Family reunions, high school reunions and town festivals. All great reasons to celebrate. Many held at different times of the year and in different places.


I thought it would be fun to explore some of the celebrations that take place in different areas.


Here goes.


We recently spent some time at one of our favorite places, Cedar Valley Resort in Whalan, Minn. It’s located right on the Root River and the Root River Trail. We load up our bikes and head north, only a little over three hours from the Ames area. It was time for the annual Rhubarb Festival in neighboring town of Lanesboro.


It all starts with the national anthem being sung by none other than the Rhubarb Sisters. Then comes the Rhubarb Run, which is held on the Root River Trail. The trail runs through Lanesboro and is beautiful. A rhubarb art show and the rhubarb stalk throw kick off the weekend of fun.


Also included in the weekend festival is rhubarb tasting, a largest leaf contest, a heaviest stalk contest and a fashion show with the articles of clothing made from rhubarb leaves.


And finally, the annual rhubarb golf tournament, played with a rhubarb stalk and ping pong balls.


All this talk about rhubarb makes me hungry for rhubarb pie.


I have a favorite recipe that I have prepared for many years. Nevada’s Jane Rewerts used to make it and bring it to baseball picnics. When the boys played baseball for Nevada High School, many games would take place on Saturdays. Parents, and in this case our bus driver, would supply the food. Jane would make her delicious rhubarb pie. It was so good that my sons didn’t know they were eating rhubarb and loved it. I still make it to this day. In fact I made two, which we included in our silent auction at our gala held in April for Charlie’s Angels. They were purchased for a goodly amount of money and eaten on the spot.


Moving on.


There are some things that you expect from a town celebration — carnival rides and parades. Some towns move their celebrations “outside the box.”


Like the Tomato Fight Festival, which isn’t like the school lunch room food fight, but a celebration held in Spain that all began because of really bad music at a festival. Apparently, those attending started throwing tomatoes at the City Council members because they were upset with the local politicians.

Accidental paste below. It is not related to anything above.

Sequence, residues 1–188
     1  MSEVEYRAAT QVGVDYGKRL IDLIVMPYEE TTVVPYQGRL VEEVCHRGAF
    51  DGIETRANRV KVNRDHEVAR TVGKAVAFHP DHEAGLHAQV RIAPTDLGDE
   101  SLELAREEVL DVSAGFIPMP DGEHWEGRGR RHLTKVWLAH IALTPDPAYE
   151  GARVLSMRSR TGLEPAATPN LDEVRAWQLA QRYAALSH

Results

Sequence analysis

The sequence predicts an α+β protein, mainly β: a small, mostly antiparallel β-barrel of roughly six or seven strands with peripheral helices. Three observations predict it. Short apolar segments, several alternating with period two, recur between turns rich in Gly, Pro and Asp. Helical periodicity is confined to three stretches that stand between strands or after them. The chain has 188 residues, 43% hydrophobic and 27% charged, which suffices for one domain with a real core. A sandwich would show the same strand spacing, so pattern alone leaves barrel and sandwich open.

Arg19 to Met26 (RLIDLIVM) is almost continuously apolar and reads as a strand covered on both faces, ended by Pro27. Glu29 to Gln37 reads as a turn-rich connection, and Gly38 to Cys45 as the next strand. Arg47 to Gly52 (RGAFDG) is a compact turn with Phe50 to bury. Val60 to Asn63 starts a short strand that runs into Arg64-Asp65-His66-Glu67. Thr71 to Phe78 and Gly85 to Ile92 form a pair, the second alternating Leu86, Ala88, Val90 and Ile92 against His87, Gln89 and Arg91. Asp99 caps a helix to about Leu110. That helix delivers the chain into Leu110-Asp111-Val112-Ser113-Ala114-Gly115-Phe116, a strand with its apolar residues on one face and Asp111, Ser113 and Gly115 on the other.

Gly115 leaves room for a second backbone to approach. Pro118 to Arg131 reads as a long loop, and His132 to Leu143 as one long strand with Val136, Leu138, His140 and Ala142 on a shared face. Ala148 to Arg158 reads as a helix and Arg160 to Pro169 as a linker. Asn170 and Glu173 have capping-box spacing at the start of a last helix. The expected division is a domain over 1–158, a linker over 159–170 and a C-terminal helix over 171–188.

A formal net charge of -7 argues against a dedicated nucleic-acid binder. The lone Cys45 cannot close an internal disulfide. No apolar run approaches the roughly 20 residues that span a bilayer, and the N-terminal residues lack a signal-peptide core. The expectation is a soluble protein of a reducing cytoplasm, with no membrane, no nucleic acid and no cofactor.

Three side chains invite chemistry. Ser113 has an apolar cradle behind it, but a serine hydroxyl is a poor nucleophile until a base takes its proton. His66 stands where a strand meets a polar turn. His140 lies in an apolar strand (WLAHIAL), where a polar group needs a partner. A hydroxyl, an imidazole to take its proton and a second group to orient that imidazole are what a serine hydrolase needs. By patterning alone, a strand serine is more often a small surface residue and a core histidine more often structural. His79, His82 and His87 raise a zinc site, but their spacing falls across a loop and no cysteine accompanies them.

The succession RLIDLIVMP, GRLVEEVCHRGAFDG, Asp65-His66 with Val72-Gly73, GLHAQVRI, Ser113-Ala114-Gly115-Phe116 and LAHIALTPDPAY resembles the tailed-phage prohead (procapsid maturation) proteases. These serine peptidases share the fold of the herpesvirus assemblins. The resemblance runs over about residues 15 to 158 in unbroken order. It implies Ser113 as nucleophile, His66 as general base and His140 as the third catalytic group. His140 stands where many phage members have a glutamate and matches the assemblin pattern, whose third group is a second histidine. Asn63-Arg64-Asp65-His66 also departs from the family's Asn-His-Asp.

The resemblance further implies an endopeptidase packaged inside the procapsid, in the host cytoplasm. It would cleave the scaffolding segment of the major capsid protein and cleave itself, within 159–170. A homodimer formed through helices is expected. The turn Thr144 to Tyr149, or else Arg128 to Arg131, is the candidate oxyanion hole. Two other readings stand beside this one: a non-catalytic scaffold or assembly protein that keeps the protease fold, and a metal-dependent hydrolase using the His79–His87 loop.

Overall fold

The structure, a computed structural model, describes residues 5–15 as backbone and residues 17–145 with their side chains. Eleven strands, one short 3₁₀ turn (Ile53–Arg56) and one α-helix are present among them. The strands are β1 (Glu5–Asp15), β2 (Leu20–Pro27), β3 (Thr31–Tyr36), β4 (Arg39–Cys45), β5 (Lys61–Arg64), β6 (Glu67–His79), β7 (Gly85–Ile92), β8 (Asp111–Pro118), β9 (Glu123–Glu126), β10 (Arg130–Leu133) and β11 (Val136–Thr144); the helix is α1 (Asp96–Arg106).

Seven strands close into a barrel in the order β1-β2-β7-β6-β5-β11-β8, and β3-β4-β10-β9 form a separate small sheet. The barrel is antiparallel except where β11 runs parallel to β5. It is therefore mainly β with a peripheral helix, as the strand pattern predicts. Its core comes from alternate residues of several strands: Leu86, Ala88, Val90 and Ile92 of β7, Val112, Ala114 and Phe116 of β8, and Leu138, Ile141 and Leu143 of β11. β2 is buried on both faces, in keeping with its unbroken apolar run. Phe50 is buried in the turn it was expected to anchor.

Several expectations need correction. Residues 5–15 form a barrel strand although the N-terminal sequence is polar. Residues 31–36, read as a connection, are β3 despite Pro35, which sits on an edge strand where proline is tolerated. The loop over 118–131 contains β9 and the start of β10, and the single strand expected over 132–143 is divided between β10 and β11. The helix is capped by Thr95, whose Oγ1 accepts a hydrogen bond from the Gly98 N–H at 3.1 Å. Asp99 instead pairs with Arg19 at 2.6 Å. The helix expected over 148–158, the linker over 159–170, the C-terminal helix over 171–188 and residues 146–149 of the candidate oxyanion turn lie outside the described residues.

Hmmm…think about that one.


How about the Mud Festival held in South Korea – all things mud related. Come to this festival and take part in mud rich in minerals that prevent wrinkles. Held in July, the festival includes mud baths, mud massages, mud wrestling, mud sculptures and floats made of mud.


While looking into festivals in the United States, I came across some that were listed in the 14 Best Town Festivals in the U.S.


Some that appealed to me included the Elkhart, Ind., Jazz Festival, held each year in June and run by 200 volunteers.


The city of Mackinac Island, Mich., holds a ten-day Lilac Festival, which included a queen, concerts, dancing and a grand parade. Take time to smell the lilacs.


Over Labor Day each year, the Telluride Film Festival is held in Colorado. No one knows what movies will be celebrated, which celebrities will be attending or who will be honored. But heck, it’s in beautiful Colorado and about 3,000 attend each year.


The National Shrimp Festival is held at Gulf Shores, Ala., consisting of some 250 vendors, which forms an outdoor village. The festival is held in October of each year and has some 250,000 attend.


And my favorite, the Wine and Culinary Festival held in Lewiston, N.Y. The two-day festival is held in July each year and consists of sipping wine and sampling food. Not sure that it gets any better than that.


Staying closer to home, town celebrations are taking place almost every weekend. Pick out your favorite and attend, because a lot of work goes into these festivals. Support your towns so that the traditions will continue.


And have a great time!